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Dominick Cruz: I'll live with the media if you're going to pay me Conor McGregor money

Esther Lin, MMA Fighting

When it comes to the theater between Conor McGregor and the UFC, bantamweight champion Dominick Cruz can see both sides.

Last month the UFC yanked McGregor off UFC 200 after the Irishman took a stand against doing an three-city media tour to promote his rematch with Nate Diaz. The disagreement between the two sides came to a head at a bizarre press conference in Las Vegas, and McGregor was ultimately replaced by Jon Jones and Daniel Cormier atop the UFC 200 card.

Cruz is no stranger to UFC media tours. He has done several alongside Urijah Faber and T.J. Dillashaw over the past few years, and he understands the importance of the promotion the tours provide. However Cruz also sees where McGregor is coming from, and that things can change once a championship-level fighter suffers a devastating loss.

"You can't really side with anybody," Cruz said recently on The MMA Hour. "I put myself in Conor's shoes, I've lost a fight before. And when you lose a fight, it kind of puts you back to the drawing board. You hear that all the time, ‘I'm going to go back to the drawing board, I'm going to do this, I'm going to do that.' When you lose a fight, you've got to change something. He realizes he's human now after that loss. He realizes he can lose. He hit Nate (Diaz) with everything and the kitchen sink in that first round and Nate did not back up for one second. That's a different type of fight."

McGregor suffered a stunning defeat to Diaz at UFC 196, succumbing to a second-round rear-naked choke against an opponent fighting on less than two weeks' notice.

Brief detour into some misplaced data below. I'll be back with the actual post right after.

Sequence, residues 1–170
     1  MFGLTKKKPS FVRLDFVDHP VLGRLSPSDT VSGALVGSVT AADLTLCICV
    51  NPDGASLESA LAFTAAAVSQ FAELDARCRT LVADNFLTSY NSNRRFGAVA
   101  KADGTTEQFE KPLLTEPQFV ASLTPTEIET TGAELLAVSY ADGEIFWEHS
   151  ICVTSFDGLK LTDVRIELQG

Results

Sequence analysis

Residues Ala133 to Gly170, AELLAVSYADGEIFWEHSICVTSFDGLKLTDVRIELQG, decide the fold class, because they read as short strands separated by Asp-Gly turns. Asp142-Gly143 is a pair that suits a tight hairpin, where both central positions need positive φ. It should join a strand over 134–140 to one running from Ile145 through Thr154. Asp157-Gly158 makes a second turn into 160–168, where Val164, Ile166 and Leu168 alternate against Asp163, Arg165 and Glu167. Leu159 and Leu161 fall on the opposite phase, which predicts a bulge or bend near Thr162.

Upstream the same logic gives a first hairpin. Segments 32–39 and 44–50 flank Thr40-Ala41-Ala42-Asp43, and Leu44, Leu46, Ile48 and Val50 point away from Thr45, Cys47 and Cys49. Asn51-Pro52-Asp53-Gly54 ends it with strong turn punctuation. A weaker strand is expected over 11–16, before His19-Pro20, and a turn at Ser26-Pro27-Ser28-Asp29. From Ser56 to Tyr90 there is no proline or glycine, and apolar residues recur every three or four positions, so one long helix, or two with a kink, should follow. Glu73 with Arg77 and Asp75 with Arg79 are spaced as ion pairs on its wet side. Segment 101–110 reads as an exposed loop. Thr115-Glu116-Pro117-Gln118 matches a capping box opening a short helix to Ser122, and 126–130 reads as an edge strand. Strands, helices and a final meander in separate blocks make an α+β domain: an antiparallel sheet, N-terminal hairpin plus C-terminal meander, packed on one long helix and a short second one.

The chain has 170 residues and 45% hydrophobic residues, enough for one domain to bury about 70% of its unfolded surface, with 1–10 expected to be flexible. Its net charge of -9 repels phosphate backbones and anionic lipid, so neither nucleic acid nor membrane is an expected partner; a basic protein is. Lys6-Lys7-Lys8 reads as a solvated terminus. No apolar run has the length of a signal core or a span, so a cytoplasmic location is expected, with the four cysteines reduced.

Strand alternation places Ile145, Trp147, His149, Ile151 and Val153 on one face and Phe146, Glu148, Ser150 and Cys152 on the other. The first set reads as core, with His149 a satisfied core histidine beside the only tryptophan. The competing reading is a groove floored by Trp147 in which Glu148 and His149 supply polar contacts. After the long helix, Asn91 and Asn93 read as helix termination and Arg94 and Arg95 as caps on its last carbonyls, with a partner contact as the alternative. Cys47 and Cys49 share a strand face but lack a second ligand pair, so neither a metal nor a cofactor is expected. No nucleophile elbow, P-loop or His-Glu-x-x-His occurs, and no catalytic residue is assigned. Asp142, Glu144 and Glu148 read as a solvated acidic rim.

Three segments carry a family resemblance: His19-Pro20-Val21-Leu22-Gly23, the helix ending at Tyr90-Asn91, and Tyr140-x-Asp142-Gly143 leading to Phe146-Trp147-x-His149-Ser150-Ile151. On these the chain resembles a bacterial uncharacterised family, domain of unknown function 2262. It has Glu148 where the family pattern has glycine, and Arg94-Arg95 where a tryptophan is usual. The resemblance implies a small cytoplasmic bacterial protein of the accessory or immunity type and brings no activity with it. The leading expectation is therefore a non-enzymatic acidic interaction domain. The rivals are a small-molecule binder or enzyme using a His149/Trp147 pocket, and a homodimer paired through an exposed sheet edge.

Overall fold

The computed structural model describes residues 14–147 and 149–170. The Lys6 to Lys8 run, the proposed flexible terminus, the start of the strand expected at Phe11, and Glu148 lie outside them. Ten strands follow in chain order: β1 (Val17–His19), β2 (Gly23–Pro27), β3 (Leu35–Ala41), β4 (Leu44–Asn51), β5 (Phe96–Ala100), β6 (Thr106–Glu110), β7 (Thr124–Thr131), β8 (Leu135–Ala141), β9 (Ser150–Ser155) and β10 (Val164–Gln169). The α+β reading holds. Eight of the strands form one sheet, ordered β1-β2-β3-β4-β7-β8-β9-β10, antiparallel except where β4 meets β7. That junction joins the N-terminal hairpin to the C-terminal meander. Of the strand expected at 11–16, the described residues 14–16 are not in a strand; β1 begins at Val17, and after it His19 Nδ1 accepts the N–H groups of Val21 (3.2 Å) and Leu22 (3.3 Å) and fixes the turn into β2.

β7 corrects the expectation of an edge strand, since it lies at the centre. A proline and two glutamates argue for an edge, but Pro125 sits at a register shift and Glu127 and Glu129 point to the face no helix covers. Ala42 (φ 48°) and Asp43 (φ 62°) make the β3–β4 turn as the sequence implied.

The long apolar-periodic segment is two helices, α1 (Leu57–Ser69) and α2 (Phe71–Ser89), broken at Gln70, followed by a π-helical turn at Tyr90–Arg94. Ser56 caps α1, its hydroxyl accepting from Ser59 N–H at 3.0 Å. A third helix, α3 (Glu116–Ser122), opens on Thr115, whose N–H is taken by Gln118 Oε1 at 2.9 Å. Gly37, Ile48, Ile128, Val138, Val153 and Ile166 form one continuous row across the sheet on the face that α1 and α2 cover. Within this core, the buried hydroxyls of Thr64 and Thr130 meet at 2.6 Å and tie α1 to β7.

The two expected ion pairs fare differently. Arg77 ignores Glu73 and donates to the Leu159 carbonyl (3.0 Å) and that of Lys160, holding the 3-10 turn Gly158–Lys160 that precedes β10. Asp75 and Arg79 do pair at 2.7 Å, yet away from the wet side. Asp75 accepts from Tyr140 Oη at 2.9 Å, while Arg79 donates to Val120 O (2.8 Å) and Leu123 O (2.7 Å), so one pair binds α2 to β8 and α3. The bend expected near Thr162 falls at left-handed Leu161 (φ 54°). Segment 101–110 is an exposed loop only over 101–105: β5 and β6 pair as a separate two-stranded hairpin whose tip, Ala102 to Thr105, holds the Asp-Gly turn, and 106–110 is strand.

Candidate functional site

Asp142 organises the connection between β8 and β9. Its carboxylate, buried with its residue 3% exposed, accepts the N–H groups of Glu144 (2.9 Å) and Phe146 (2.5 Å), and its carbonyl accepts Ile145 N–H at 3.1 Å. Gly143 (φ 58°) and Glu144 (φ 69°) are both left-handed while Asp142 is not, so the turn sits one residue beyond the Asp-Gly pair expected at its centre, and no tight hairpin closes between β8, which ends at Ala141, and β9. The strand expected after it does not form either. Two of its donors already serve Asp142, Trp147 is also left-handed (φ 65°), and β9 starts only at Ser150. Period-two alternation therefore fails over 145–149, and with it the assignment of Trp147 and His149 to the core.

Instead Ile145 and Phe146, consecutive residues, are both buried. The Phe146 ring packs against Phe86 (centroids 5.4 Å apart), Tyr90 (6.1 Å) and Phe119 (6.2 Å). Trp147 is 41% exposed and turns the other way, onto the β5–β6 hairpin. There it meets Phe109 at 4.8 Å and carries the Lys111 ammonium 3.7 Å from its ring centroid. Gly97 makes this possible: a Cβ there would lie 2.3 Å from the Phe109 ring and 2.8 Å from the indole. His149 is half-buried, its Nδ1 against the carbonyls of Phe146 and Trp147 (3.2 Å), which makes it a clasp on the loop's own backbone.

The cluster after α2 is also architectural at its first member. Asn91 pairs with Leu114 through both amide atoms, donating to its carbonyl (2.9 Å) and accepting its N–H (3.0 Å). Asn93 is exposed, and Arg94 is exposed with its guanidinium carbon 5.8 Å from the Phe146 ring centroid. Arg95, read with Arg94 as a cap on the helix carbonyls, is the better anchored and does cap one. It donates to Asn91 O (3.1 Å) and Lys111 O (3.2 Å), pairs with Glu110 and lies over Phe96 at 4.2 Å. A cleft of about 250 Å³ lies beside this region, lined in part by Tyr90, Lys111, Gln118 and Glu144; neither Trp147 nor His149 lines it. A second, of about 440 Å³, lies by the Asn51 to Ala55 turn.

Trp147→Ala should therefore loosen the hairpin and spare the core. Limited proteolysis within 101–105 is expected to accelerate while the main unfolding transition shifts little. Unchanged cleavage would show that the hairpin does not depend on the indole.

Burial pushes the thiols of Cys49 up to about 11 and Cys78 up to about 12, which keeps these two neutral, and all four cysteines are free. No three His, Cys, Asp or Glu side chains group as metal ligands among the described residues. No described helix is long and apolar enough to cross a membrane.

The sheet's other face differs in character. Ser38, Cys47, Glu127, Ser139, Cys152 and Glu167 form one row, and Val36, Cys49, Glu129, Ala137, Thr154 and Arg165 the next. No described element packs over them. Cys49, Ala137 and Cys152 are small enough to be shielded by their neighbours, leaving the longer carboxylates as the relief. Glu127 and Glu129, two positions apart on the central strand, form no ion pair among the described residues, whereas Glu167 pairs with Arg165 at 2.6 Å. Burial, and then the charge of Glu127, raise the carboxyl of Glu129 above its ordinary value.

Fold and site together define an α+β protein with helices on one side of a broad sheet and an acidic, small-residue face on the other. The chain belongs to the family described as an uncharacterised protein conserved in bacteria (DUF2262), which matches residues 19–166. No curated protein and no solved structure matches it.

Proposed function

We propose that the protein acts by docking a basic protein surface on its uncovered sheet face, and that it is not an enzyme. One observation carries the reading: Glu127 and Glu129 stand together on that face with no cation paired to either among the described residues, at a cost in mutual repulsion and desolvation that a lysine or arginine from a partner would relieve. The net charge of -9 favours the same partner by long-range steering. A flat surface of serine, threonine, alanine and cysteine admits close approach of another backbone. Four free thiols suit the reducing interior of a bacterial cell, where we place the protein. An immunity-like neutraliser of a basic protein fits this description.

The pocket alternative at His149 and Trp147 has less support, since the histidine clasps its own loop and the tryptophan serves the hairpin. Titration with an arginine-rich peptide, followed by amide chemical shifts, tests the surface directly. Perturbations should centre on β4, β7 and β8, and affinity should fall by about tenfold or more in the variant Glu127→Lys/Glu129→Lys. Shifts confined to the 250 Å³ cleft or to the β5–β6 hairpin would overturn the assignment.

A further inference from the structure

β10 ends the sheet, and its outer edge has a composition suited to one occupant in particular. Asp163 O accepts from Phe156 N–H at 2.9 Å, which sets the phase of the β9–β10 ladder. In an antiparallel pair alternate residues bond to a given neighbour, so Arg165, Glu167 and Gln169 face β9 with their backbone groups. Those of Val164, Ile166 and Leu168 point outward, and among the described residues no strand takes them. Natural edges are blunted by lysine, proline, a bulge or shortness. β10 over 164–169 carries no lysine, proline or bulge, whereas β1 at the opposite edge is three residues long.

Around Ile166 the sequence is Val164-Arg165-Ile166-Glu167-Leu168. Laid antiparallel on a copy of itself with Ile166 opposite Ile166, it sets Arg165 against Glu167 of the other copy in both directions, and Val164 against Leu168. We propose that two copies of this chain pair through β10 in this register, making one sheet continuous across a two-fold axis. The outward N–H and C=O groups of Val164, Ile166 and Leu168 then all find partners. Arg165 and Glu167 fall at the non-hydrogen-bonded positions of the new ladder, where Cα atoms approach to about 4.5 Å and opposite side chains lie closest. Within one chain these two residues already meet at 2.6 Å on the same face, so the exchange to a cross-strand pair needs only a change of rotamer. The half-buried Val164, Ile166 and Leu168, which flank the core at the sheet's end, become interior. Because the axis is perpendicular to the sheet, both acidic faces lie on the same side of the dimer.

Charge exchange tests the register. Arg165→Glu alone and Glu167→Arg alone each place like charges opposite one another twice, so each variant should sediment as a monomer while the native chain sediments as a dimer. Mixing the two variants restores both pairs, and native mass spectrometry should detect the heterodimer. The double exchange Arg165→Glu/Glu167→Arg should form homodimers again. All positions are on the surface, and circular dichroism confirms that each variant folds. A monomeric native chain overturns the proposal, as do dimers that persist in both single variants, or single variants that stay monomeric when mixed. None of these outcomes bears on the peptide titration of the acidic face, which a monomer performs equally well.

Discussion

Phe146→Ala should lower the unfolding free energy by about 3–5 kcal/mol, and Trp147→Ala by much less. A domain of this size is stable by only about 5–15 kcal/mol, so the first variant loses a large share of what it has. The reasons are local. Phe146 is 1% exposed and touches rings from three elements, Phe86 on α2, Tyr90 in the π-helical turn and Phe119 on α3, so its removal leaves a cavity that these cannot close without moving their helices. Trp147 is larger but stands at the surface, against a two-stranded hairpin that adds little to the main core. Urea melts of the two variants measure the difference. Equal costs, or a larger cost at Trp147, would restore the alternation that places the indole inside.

The loss was McGregor's first under the UFC banner, and Cruz -- a man who specializes in the mental side of the game -- believes the way Diaz handled McGregor's pre-fight trash talk played a major role in how everything played out.

"We have never seen anybody stand up to Conor McGregor's antics in the pre-fight," Cruz said. "Every single person he's faced prior to Nate Diaz was broken mentally, I mean shattered mentally, before they even stepped in the cage. You can't break Nate. He does not care. He fights for a different purpose and he's a real OG, for lack of a better term. The guy doesn't care. Nate, you're not going to break him, you're not going to get him out of the fight. You know when you're fighting him, you're going to be in it from the beginning until the end. You have to push the button on him, and then you realize he's got a heck of a chin too.

"So, I get where Conor is at. He wants to put his head down, train, focus, be the best Conor he can be because of that last loss. It can shake you when you loss like that, and his mind is focused on being the best him he can be. So I understand that."

Cruz is scheduled to defend his UFC bantamweight title in a trilogy match against Faber on June 4 at UFC 199. Both Cruz and Faber have already done plenty of media to promote the bout, and they will likely do much more before all is said and done, simply because both men are well-spoken and the rivalry sells itself when the they are placed in the same room.

The same can be said tenfold for McGregor, as the Irishman is perhaps the most natural promoter the UFC has ever seen. That loquaciousness helped McGregor rise to become the biggest financial draw in the company, and while Cruz sympathizes with McGregor's position, he also wouldn't mind being in his shoes.

"When you look at what the UFC wants, they want you to do the media," Cruz said. "Conor is a failure of his own success. He's so good at this media that they're going to ask him to do a ton. But I'll be honest, if the UFC said, 'hey Dominick, we're going to pay you 100 times what you're getting paid now and you're going to make Conor McGregor money,' I'll go live with Ariel Helwani for my entire camp, eat everything you eat, do every radio interview you do, go out there and be ready to fight.

"So it's like, it's kind of a mixed thing. He's getting paid a lot of money to do this stuff, a lot of money, and people want to see it. He's in high demand. So, because he's in high demand, that makes him a failure of his own success, if you get what I'm saying."

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